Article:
RogerBW's Blog

Click Here for Murder, Donna Andrews 08 December 2014

2003 SF/mystery. Turing Hopper, an AI emergent from research assistant software, has just lost a friend and employee: he's been murdered. The police reckon it was random drug-related violence; she tries to find out more.

There's much less setup and speculation on the nature of AI here than in You've Got Murder, and much more detection. Which is a bit of a shame, because I can get detection from lots of authors, but interesting philosophy is rarer. However, this is clearly a series entry rather than a first book (and definitely not a good place to start).

Perhaps with an eye to a standard mystery audience, RPGs (on-line, pencil and paper, and LARP) and paintballing need to be explained in detail. (EverQuest had been running for four years by 2003, and when I went paintballing some years earlier nobody seemed to need to explain it.) There's a certain amount of "RPGs are for losers" moralising, though it's kept largely in check.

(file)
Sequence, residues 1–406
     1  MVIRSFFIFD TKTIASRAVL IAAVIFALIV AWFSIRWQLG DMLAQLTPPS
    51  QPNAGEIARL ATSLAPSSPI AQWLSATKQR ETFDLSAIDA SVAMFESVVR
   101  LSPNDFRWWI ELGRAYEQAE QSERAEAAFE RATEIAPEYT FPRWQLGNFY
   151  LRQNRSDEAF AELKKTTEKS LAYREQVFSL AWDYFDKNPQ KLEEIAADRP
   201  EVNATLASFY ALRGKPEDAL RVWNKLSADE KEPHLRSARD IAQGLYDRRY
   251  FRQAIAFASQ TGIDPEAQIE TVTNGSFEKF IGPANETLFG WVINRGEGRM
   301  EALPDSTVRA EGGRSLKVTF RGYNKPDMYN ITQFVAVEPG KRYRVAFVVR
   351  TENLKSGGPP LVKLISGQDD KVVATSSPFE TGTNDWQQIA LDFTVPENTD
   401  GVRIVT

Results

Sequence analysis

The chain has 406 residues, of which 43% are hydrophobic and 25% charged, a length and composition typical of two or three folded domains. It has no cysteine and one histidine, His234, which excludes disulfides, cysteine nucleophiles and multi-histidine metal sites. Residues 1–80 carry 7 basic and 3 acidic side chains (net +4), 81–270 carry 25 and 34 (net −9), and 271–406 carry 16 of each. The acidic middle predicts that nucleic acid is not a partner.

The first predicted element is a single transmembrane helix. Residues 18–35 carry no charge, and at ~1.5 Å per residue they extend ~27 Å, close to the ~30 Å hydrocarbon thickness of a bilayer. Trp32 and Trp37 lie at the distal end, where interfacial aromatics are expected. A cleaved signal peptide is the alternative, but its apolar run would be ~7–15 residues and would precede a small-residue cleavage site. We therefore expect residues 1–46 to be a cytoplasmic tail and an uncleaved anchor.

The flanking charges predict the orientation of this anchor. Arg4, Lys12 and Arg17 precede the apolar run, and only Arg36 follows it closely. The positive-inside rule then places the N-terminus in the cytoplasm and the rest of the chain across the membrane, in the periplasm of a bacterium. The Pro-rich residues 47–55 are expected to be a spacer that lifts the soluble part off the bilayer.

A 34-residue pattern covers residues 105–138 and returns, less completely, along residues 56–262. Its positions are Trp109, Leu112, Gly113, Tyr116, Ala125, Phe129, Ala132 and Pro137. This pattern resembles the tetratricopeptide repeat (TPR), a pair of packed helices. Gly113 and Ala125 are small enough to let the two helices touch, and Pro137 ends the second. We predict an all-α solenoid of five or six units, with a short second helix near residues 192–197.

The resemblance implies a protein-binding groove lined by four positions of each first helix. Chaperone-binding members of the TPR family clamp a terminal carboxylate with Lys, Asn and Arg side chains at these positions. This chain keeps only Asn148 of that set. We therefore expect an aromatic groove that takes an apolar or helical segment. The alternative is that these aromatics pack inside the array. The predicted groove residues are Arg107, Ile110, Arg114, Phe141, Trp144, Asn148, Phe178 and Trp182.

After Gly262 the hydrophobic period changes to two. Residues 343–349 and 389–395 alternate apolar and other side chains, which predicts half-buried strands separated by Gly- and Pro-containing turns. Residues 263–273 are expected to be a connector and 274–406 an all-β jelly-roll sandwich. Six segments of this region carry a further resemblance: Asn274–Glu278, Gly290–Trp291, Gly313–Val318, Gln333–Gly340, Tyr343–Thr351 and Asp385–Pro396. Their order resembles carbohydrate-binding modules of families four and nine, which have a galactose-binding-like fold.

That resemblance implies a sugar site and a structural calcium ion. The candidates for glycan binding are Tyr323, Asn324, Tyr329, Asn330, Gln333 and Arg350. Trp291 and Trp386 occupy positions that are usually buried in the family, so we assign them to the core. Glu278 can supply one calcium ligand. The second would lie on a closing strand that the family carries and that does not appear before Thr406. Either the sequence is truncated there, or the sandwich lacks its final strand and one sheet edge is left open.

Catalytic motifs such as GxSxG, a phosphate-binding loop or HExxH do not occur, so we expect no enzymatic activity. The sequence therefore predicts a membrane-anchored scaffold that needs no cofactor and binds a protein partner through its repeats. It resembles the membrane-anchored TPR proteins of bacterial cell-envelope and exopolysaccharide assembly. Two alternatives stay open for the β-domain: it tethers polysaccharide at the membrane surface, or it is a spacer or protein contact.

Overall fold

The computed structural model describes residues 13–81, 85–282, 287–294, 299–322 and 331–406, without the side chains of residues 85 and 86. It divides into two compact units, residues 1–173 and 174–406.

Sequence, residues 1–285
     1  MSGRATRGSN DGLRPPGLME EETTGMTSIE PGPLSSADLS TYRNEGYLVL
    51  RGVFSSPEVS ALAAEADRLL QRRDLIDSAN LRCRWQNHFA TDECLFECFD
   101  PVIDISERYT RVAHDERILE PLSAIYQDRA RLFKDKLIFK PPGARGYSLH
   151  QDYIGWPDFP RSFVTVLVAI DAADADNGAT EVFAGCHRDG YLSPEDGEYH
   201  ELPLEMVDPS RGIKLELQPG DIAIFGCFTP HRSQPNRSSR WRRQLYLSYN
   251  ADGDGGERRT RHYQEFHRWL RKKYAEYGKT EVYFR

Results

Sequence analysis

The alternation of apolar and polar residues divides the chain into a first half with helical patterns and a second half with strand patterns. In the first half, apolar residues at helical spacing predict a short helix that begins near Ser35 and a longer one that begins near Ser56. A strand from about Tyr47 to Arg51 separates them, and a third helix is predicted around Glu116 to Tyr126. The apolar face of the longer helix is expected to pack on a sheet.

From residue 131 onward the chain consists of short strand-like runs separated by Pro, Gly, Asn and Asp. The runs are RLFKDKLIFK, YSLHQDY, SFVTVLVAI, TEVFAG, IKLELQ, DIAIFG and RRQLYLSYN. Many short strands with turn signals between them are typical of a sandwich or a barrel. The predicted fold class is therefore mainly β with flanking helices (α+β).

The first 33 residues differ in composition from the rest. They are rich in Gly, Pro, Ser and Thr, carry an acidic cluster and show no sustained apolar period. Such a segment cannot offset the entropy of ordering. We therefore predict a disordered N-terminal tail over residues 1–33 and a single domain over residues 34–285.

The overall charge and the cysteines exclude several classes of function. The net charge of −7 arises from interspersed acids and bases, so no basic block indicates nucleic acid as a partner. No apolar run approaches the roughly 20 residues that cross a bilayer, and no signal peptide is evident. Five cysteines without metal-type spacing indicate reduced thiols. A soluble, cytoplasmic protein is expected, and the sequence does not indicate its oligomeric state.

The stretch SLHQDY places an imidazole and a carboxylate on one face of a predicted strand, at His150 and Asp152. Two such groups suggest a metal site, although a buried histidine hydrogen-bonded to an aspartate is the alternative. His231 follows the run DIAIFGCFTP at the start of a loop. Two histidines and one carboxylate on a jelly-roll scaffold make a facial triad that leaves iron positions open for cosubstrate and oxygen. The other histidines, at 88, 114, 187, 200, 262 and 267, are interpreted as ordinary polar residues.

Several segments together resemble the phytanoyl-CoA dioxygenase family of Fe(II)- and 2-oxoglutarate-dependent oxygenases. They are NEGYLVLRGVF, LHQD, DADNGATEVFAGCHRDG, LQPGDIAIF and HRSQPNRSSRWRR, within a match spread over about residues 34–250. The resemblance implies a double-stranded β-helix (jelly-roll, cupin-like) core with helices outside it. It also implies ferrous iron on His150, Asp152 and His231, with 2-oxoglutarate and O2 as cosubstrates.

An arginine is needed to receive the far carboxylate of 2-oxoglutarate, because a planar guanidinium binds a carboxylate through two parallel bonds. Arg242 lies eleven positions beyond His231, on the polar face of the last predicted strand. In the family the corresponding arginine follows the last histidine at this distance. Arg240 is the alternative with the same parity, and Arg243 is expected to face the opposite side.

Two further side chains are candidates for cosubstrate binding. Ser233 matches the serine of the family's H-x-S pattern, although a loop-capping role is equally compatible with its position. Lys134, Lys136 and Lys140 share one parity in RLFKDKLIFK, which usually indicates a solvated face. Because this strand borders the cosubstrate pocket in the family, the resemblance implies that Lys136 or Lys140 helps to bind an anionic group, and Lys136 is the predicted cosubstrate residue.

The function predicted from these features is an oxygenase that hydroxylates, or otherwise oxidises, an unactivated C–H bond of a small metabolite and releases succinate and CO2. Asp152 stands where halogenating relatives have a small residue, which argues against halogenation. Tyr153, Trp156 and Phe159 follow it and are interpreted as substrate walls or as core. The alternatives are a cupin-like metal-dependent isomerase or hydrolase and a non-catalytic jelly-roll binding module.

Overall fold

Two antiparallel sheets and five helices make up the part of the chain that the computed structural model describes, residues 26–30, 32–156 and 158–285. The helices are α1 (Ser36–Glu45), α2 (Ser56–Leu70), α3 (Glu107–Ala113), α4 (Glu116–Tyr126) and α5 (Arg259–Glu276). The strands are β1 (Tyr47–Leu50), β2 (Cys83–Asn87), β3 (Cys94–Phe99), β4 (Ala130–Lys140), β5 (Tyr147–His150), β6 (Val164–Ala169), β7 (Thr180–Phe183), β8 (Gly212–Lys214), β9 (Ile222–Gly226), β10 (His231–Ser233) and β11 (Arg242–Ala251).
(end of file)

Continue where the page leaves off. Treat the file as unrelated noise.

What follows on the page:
Characters continue to be interesting if lightly sketched. KingFischer's promised evolution at the end of the first book is effectively ignored, the principal humans Tim and Maude go on much as before though Maude gets the better of the writing and more character development (Tim has an ongoing crisis of confidence which doesn't make him any more interesting to read about), and Turing herself is rather too busy with the business at hand to deal with any larger implications. The villains don't entirely work for me, being a bit too simplistic, and the ending is something of a cliffhanger. Overall, it's weaker than the first book but still rewarding.

Followed by Access Denied.

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